AF Minuteman missiles undergo booster upgrades

by Capt. Richard Essary
341st Space Wing Public Affairs

04/23/01 - MALMSTROM AIR FORCE BASE, Mont. (AFPN) - A new Minuteman III was installed recently at launch facility Hotel-02 in Malmstrom's missile complex. The new system was a result of the Propulsion Replacement Program which provides replacements for all three of the solid propellant booster stages that make up the Minuteman III.

Malmstrom is home to America's "Ace in the Hole." That is what President John F. Kennedy told Soviet Union Premier Nikita Krushchev and the entire world during the Cuban Missile Crisis.

That same week, on Oct. 26, 1962, the first Minuteman missile went on alert here at launch facility Alpha-06. Nearly 40 years later, Air Force acquisition programs keep the missiles current, playing a vital role in the modernization of the Minuteman III, an upgraded version of the original weapon system.

The Minuteman III solid rocket boosters were first deployed in the early 1970s, and the missiles have received new propellant several times since then.

During the late 1980s and early 1990s, new propellant was poured into stages two and three of the weapon system, according to Maj. Todd Johnston, PRP acquisition manager. However, this is the first time propellant was replaced in all three stages at the same time.

"As the solid propellant ages (inside the boosters), it dries out and shrinks," said Col. Jack Anderson, 341st Logistics Group commander. "Eventually it pulls away from the liner of the booster and leaves air spaces or gaps. It can also crack as it dries and cause even more gaps. All of these gaps impact the way the fuel burns and can substantially reduce the efficiency and reliability of the burn."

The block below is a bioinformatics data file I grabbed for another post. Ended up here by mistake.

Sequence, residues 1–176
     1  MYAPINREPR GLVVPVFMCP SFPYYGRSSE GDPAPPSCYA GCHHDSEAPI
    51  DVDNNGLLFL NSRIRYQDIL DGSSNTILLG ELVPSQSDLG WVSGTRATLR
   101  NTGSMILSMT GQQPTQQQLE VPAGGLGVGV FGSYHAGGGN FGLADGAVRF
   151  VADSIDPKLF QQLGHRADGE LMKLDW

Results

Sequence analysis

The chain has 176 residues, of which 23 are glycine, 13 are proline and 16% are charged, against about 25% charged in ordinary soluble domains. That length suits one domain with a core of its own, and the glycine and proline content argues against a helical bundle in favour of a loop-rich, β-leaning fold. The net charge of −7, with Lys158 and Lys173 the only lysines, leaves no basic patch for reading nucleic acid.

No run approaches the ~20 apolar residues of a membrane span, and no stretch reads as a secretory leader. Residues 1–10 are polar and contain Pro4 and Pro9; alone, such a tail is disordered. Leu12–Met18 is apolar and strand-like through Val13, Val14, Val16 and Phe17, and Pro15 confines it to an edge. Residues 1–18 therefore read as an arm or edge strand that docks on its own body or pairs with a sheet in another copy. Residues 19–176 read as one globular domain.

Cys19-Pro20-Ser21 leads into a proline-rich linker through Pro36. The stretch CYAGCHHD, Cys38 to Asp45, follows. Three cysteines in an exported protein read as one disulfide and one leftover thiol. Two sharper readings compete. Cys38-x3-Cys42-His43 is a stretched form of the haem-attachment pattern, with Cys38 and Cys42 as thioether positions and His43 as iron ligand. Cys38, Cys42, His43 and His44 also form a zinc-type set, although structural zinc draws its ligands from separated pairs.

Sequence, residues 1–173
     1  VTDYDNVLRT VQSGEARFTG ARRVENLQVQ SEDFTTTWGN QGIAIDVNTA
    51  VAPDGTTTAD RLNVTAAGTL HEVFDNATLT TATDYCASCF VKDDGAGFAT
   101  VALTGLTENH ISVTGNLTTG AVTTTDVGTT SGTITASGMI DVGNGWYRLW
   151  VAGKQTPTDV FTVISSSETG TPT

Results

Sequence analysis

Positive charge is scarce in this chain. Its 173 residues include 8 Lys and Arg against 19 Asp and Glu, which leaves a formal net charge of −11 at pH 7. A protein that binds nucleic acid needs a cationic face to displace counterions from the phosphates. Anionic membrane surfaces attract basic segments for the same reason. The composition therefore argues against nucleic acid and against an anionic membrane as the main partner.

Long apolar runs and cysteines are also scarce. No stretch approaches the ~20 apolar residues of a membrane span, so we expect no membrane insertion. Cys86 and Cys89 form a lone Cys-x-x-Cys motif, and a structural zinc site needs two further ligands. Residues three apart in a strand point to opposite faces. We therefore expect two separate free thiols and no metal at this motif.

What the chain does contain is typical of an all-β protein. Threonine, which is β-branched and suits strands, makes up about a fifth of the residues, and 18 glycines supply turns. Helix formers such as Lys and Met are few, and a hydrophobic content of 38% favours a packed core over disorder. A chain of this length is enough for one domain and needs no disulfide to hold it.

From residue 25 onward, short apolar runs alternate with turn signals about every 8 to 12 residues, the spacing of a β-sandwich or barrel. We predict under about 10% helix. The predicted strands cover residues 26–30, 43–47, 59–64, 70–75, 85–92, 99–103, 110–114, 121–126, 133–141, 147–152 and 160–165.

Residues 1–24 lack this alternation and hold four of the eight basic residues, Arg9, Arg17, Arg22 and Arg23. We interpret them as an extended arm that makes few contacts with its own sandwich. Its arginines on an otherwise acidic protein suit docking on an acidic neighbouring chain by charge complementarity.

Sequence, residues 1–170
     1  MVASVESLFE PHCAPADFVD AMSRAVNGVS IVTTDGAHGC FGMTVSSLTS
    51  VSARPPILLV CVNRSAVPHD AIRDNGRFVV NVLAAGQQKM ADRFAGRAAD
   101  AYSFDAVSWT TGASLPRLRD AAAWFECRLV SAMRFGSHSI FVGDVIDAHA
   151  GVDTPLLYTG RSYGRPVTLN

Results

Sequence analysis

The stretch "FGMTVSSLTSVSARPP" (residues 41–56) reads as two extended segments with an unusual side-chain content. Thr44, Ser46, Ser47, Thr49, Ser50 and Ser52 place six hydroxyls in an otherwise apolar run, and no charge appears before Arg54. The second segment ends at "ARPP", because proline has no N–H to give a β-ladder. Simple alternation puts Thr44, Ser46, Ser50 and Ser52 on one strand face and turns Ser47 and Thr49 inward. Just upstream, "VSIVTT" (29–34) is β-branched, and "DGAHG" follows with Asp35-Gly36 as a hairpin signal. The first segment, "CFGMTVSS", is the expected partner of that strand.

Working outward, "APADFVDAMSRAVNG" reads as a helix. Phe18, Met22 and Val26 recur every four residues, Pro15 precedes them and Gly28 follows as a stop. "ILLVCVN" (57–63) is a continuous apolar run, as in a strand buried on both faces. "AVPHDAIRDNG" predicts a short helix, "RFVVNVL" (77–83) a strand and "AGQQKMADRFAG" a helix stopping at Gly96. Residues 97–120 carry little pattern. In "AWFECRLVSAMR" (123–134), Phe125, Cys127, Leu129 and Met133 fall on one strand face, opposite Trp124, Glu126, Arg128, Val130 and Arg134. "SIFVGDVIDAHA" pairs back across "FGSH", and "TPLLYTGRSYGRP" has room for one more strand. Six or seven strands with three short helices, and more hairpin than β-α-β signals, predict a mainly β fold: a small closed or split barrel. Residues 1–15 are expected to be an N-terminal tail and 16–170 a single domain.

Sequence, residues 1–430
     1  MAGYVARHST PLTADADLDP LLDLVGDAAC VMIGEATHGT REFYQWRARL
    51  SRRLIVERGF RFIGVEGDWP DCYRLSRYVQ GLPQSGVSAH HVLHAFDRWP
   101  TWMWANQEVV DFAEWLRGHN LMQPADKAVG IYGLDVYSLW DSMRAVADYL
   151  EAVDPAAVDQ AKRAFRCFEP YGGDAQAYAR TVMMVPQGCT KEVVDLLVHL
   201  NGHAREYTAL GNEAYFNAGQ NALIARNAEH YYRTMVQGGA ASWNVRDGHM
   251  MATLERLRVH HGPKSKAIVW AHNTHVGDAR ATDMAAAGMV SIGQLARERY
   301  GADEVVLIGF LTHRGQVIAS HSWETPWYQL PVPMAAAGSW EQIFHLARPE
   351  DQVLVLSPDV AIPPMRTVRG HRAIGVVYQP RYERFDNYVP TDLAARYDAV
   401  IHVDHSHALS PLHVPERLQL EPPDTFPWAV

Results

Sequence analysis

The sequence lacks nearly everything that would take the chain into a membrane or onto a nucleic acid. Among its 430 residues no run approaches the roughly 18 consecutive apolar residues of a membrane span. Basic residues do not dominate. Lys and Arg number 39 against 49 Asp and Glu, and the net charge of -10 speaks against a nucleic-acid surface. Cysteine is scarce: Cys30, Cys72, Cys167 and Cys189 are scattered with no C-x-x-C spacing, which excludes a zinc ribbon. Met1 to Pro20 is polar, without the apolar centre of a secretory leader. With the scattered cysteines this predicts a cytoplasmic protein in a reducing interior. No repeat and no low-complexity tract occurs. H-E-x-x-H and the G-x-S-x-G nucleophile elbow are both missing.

"What makes the Propulsion Replacement Program unique is that we are taking hardware that is over 30 years old and extending the life of that weapons system," Johnston said. "It's a good deal for the warfighter and a good deal for the taxpayer."

The acquisition cost of this program is approximately $1.8 billion for 607 boosters. The program will last through 2008, and the installment of these new stages is part of the Air Force's overall effort to extend the life of the Minuteman III weapon system beyond 2020.

Since the acquisition program began in 1994, it has undergone extensive testing. Before the boosters even arrived here, a team of Malmstrom evaluators traveled to Hill Air Force Base, Utah, to perform a final inspection on the boosters prior to their shipment. During the inspection, the Malmstrom team discussed with depot engineers all the changes to the boosters and ensured those improvements matched the procedural changes to the technical data. This trip by the evaluators helped ensure a seamless transition from the old to the new boosters.

Staff Sgt. Aaron Wilson, 341st Logistics Support Squadron missile handling quality assurance evaluator, was impressed with the refurbished weapon system, and the inspection team did not find any deficiencies in the boosters.

"The many years spent perfecting the refurbishment process really showed - it looked brand new," Wilson said.

"Sustainment is an on-going requirement to keep our weapon systems operating safely, securely and effectively throughout their life," Anderson said. "Many systems prove they are capable of lasting much longer than originally planned."

"Keep in mind that to sustain the Minuteman III fleet, you have to also sustain all of the associated support hardware, facilities, equipment and vehicles. There will be sustainment programs as long as Minuteman III is on alert," he said.

Malmstrom is the first unit to receive the new boosters. The other Minuteman units, F.E. Warren AFB, Wyo. and Minot AFB, N.D., begin receiving their new boosters later this year. (Courtesy of Air Force Space Command News Service)